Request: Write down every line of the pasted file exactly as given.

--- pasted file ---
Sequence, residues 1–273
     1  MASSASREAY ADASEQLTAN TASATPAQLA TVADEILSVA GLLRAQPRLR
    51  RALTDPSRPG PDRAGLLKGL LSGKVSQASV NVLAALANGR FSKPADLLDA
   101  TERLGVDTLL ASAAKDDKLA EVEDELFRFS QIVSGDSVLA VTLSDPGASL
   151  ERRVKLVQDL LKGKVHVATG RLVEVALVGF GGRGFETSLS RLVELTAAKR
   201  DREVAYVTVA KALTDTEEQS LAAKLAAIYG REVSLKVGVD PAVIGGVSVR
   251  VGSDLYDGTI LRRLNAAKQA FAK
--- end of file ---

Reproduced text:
Sequence, residues 1–273
     1  MASSASREAY ADASEQLTAN TASATPAQLA TVADEILSVA GLLRAQPRLR
    51  RALTDPSRPG PDRAGLLKGL LSGKVSQASV NVLAALANGR FSKPADLLDA
   101  TERLGVDTLL ASAAKDDKLA EVEDELFRFS QIVSGDSVLA VTLSDPGASL
   151  ERRVKLVQDL LKGKVHVATG RLVEVALVGF GGRGFETSLS RLVELTAAKR
   201  DREVAYVTVA KALTDTEEQS LAAKLAAIYG REVSLKVGVD PAVIGGVSVR
   251  VGSDLYDGTI LRRLNAAKQA FAK